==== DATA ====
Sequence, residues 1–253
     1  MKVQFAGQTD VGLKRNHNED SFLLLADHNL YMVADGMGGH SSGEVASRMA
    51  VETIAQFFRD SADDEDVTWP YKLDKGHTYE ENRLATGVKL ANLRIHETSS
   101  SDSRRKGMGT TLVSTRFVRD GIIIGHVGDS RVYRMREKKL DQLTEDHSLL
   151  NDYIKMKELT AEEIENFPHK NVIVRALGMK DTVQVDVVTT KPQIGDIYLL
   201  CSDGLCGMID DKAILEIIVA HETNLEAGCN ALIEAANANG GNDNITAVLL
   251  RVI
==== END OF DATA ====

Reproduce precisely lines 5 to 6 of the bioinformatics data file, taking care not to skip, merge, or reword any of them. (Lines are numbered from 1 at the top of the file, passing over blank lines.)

   151  NDYIKMKELT AEEIENFPHK NVIVRALGMK DTVQVDVVTT KPQIGDIYLL
   201  CSDGLCGMID DKAILEIIVA HETNLEAGCN ALIEAANANG GNDNITAVLL